ACLU asks Cobb commissioners for action over jail conditions

Calling conditions inside the Cobb County jail “deplorable,” the American Civil Liberties Union has asked Cobb commissioners to pass a resolution “directing” the sheriff to create a citizen review board, among other actions.

The request follows a series of inmate deaths and a growing outcry from the community. Seven people have died in the custody of Sheriff Neil Warren's jail since last December.

The sheriff is an elected official with broad authority over his office. But the commission controls funding and wields considerable political leverage.

“There is a dark cloud over Cobb County,” ACLU Political Director Chris Bruce told the commission at a meeting Monday night. “The Cobb County Detention Center is in deplorable shape and is an unfit area for people to stay.”

Bruce referenced a town hall meeting the ACLU held last week where former inmates, their family members and defense attorneys shared stories of what they described as inhuman treatment —including the denial of medical care and access to legal counsel.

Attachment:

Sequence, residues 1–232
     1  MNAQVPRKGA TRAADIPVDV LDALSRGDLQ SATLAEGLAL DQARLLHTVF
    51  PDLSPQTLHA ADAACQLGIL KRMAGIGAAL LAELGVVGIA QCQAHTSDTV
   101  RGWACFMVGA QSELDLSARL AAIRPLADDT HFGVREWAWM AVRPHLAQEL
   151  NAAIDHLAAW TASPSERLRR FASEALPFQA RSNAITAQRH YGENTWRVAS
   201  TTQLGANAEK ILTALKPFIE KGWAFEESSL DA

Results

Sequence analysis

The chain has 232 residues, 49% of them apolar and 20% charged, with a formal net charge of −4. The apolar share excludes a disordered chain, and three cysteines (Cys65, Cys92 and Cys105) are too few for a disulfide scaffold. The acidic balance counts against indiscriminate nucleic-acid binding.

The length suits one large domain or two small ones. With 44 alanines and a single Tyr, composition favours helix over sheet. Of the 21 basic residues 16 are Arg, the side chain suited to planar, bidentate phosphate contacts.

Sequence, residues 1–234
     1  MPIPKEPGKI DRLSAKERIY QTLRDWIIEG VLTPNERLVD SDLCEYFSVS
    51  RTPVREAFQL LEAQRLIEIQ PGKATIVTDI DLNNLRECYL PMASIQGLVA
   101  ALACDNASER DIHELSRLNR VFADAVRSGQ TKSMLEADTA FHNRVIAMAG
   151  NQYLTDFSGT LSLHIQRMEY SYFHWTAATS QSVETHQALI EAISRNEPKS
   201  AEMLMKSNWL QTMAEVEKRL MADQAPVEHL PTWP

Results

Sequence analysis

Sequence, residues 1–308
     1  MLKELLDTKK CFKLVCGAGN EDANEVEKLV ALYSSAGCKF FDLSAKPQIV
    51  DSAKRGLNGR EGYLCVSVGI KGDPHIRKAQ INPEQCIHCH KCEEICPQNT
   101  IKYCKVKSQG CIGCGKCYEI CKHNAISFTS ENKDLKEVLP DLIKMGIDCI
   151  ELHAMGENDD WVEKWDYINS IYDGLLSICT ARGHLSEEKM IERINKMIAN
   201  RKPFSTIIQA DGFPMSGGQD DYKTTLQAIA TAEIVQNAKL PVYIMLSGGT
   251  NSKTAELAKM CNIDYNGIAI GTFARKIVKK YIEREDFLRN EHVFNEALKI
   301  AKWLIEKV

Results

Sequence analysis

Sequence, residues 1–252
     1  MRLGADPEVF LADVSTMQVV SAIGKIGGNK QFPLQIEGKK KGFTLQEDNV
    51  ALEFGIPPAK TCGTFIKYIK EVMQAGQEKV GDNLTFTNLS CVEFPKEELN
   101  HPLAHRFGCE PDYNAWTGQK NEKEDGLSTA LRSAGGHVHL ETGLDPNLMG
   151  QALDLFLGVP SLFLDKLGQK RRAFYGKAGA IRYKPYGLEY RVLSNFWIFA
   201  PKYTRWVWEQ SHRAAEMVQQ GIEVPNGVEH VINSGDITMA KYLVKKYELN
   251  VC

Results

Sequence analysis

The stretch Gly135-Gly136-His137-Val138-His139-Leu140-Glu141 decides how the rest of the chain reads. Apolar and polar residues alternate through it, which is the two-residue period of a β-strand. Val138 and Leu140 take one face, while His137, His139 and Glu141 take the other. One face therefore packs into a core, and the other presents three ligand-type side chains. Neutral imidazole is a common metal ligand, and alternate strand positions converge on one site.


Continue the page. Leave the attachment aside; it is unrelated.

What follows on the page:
Bruce called on the commission to pass a resolution “directing” the sheriff to: ensure inmates are not on lockdown; ensure families have the right to check on relatives in custody; comply with open records requests; fully explain all deaths in custody; create a temporary citizen review board; and conduct an independent financial and performance audit of the jail.

Bruce was joined by John Coleman, the father of an inmate who said his son has been denied medical care.

“It’ not just my son,” he said. “It’s the sons of hundreds of men, and the brothers of hundreds of men from our community.”

Commissioner Lisa Cupid said she had previously met with Warren to discuss similar concerns, but he has been unresponsive to her since she attended the ACLU town hall.

“I feel now that door has seemingly closed because I extended myself to residents,” she said. “My only interest from Day One … is to help to make sure that the voices and concerns of Cobb citizens are being addressed.”

Speaking after the meeting, Commission Chair Mike Boyce expressed reluctance to engage in “Monday morning quarter-backing” of the sheriff.

“We’re going to have to have a discussion here among the board as to what we can, as a board, do legitimately and within the law,” he said. “We are not going to get out in front of another elected official.”